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PREFACE.

The present work has grown out of the conviction that ENGLISH GRAMMAR, especially in its bearings on Composition, may be taught on an easier and more fruitful method. The usual array of Definitions, Classifications, Rules, Lists, and Exceptions, formidably labelled with Technical Designations, cannot possibly be separated from the deeper study of the subject; but these, I imagine, are not for the young pupil at the outset. What he wants, to begin with, is-familiarity with concrete instances in sufficient number and variety. When these have been specially presented to him, he cannot help beginning to compare them; and accordingly it would be well to suggest to him a profitable method. Presently, with his mind full of examples and of multiplying points of likeness among them, he will naturally begin to grope for generalities. At this stage the regular Grammar takes its place, as built upon the foundation of examples methodically compared: and the pupil may now be guided gradually to associate his examples with the technical names. Acting on this view, I have selected a sufficient number of typical instances, and arranged them side by side for comparison, comformably to the received designations; these last, however, being left optional.

This plan, I may add, reaches much farther than the primary intention now expressed. It provides a well filled and clearly arranged storehouse of grammatical illustration, ever use to teachers, and suitable to students at all stages. Moreover, while the comparative study of different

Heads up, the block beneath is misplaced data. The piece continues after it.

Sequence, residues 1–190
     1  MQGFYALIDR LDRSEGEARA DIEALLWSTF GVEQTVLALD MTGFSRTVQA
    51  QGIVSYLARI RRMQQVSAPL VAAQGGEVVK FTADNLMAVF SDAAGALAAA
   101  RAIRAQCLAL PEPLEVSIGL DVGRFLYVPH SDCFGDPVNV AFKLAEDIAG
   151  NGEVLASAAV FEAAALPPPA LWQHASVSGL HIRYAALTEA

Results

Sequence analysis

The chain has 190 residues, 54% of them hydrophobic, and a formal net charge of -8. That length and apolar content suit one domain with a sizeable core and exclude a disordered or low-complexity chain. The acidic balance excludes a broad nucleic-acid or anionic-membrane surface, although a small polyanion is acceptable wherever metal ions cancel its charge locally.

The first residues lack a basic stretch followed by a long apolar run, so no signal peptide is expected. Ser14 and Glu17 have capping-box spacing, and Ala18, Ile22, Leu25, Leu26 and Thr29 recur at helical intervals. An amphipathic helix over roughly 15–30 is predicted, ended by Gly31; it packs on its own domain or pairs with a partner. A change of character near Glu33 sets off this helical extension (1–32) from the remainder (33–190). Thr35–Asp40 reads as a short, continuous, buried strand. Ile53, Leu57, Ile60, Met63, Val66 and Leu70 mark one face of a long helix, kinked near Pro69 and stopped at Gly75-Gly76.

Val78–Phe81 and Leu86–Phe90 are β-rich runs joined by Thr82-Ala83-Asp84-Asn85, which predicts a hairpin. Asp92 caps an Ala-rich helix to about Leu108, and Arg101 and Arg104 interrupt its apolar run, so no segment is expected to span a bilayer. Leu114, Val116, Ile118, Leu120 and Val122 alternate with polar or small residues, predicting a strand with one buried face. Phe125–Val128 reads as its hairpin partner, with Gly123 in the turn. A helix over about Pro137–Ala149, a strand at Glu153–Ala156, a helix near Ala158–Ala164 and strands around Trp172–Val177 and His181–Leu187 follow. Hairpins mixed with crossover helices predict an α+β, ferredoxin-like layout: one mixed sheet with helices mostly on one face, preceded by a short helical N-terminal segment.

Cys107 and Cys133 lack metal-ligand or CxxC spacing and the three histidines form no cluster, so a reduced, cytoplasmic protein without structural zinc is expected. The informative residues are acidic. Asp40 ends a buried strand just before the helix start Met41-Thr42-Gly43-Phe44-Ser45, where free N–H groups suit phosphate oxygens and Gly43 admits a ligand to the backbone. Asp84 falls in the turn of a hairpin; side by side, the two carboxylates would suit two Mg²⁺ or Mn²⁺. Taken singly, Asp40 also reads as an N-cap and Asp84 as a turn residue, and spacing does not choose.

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ALEXANDER FALCONER MURISON, M.A.,
English Master in the Grammar School,

Aberdeen.

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PRINTED BY

LESLIE AND RUSSELL,

CROWN COURT, UNION STREET,

ABERDEEN.

PREFACE.

The present work has grown out of the conviction that ENGLISH GRAMMAR, especially in its bearings on Composition, may be taught on an easier and more fruitful method. The usual array of Definitions, Classifications, Rules, Lists, and Exceptions, formidably labelled with Technical Designations, cannot possibly be separated from the deeper study of the subject; but these, I imagine, are not for the young pupil at the outset. What he wants, to begin with, is-familiarity with concrete instances in sufficient number and variety. When these have been specially presented to him, he cannot help beginning to compare them; and accordingly it would be well to suggest to him a profitable method. Presently, with his mind full of examples and of multiplying points of likeness among them, he will naturally begin to grope for generalities. At this stage the regular Grammar takes its place, as built upon the foundation of examples methodically compared: and the pupil may now be guided gradually to associate his examples with the technical names. Acting on this view, I have selected a sufficient number of typical instances, and arranged them side by side for comparison, comformably to the received designations; these last, however, being left optional.

This plan, I may add, reaches much farther than the primary intention now expressed. It provides a well filled and clearly arranged storehouse of grammatical illustration, ever useful to teachers, and suitable to students at all stages. Moreover, while the comparative study of different

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